§ Drew Friedman writes and draws about R. Crumb in Vanity Fair (glorious larger version in link.)

When I first began drawing comics, R. Crumb was editing his own comics magazine, Weirdo, and accepting submissions. Crumb had long been my favorite artist, so I was excited for the chance to send some of my work to him—although I assumed he wouldn’t care for it. On the contrary, he wrote me an effusive note, telling me he had been following my work and would love to run it in his magazine. I was in heaven.

§ Geek Dad reviews Jeffrey Brown’s Incredible Change-Bots 2: The Vengeful Return of the Broken!

§ Get Your War On’s David Rees is recapping America’s Next Great Restaurant for New York magazine.

§ After last week’s comics debacle, the Village Voice bounces back with a fairly awesome piece on The Ten Best Musician/Comic Artist Friendships with some that will surprise you.

With the rise in cultural prominence and respect for funny-book creators, liking comic books–or graphic novels, if you’re fancy–is no longer an activity that will blow your cultural cachet or get your lunch money stolen, and many musicians have quit being shy about waving their fanboy/fangirl flags. In honor of our recent Comics Issue, we present the ten best musician and graphic novel-type friendships. We even reached out to some of our favorite artists about their collaborations.

§ Oblivion will not die! The Radical Comics movie prospect may have gotten bounced by Disney, but now Universal is slavering away for it, according to all the trades:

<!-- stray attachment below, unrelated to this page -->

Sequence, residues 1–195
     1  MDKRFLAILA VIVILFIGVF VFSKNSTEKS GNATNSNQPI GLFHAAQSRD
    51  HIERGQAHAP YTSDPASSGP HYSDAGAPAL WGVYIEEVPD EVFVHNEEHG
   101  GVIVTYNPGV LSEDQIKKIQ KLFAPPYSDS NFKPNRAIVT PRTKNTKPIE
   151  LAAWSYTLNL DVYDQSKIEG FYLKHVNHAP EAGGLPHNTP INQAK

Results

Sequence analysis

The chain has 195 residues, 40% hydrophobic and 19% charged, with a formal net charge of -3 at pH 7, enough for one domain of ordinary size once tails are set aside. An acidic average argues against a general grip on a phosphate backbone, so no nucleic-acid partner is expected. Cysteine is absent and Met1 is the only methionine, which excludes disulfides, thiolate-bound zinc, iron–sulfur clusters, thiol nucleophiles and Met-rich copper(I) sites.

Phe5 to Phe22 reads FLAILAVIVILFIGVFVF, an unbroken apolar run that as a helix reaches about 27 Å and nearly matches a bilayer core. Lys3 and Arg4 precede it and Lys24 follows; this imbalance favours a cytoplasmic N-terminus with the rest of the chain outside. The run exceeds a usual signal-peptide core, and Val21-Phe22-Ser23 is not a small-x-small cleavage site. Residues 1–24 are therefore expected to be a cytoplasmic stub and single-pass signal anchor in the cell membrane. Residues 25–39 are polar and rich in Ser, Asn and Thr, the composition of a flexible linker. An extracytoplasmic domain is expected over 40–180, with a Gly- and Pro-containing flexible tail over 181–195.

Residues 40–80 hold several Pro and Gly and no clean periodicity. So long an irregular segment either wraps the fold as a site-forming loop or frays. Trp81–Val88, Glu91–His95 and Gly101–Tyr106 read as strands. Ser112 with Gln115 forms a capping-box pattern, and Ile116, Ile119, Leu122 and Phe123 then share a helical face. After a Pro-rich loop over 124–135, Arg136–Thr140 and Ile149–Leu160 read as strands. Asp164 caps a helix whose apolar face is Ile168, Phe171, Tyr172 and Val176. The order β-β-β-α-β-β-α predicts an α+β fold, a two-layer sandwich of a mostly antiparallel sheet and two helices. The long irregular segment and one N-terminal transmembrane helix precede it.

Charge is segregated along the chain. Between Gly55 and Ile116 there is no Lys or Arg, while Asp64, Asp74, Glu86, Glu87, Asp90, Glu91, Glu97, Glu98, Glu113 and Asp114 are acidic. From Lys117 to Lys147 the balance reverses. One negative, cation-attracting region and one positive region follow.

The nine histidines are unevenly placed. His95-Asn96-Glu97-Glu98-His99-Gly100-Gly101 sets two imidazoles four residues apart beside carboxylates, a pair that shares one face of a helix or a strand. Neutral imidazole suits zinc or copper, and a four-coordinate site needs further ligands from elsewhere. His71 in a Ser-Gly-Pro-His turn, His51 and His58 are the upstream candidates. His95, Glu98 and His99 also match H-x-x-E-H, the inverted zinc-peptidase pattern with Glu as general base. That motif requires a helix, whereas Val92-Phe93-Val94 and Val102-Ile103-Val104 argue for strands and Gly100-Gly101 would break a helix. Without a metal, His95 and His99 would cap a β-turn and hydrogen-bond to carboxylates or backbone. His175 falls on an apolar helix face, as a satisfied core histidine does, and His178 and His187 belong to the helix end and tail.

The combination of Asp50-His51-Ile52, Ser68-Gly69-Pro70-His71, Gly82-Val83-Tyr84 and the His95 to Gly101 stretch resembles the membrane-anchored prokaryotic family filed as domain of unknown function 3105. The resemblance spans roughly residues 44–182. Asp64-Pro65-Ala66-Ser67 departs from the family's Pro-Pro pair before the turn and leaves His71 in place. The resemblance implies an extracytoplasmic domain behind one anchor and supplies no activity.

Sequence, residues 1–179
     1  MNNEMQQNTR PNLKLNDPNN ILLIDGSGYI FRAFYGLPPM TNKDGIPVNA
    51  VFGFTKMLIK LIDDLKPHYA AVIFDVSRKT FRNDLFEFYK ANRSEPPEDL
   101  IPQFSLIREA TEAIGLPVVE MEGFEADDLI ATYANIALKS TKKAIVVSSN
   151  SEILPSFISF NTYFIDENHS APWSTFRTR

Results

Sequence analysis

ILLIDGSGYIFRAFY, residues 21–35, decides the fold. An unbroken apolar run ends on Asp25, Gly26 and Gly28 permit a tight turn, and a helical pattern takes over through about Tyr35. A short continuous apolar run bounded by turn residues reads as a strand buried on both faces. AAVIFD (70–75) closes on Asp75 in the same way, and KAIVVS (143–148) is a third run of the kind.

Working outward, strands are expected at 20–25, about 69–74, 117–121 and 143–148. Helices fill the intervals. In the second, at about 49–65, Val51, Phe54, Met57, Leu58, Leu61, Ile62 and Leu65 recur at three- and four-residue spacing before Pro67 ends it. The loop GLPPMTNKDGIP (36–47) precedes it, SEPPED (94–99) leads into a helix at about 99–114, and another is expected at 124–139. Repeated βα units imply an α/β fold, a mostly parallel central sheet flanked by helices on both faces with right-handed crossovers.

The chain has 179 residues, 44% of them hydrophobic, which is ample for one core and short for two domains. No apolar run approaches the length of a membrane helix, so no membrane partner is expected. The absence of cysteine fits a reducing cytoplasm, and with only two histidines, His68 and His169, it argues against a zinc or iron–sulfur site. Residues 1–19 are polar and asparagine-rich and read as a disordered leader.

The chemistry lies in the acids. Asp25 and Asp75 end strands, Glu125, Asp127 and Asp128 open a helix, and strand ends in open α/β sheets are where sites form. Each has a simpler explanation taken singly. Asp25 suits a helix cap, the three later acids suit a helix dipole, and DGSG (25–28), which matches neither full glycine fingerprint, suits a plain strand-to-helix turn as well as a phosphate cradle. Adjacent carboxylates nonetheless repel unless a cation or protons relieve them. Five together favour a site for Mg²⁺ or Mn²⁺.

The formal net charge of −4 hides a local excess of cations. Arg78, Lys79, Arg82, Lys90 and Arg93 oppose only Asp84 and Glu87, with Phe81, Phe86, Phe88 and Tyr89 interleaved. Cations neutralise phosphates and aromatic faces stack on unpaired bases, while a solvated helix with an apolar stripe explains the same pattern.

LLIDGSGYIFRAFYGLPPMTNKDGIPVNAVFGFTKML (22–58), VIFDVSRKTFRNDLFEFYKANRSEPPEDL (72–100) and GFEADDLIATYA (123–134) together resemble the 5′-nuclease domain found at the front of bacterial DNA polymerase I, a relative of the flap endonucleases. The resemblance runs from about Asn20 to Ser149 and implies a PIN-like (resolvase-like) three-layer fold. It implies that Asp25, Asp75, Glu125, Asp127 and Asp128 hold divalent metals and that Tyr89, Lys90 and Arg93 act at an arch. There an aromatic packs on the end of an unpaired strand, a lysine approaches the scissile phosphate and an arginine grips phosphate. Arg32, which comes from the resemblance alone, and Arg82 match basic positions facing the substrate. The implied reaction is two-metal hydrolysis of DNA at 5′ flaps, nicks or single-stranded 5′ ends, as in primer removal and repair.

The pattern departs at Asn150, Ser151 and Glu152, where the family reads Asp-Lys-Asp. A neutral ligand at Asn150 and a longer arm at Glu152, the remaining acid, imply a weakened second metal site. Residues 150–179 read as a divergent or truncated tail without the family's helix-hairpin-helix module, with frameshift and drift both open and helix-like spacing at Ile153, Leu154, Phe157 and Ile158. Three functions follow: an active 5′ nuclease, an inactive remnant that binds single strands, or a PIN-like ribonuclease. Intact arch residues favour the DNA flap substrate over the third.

Universal Pictures is in exclusive talks to finance and distribute Joseph Kosinski’s “Oblivion” with Tom Cruise in early talks to star. Other studios were vying for the sci-fi pic but Universal has now become the front-runner for it.

Wow, you’d think a lot was riding on this getting made for Radical or something.
§ Bradley Cooper as the Crow? Barf. Luckily, he’s only “in talks” which means his agent mentioned it to him over lunch at the Ivy.

§ Meanwhile Mark Verheiden is working with Akiva Goldsman on Stephen King’s Dark Tower adaptation for NBC. Verheiden is one of those comics-to-Tinsel Town guys who doesn’t get as much press as many others, BTW. He started out as a comics guy with many comics for Dark Horse and other places but works steadily in Hollywood — he’s been on everything from Battlestar Galactica to Heroes.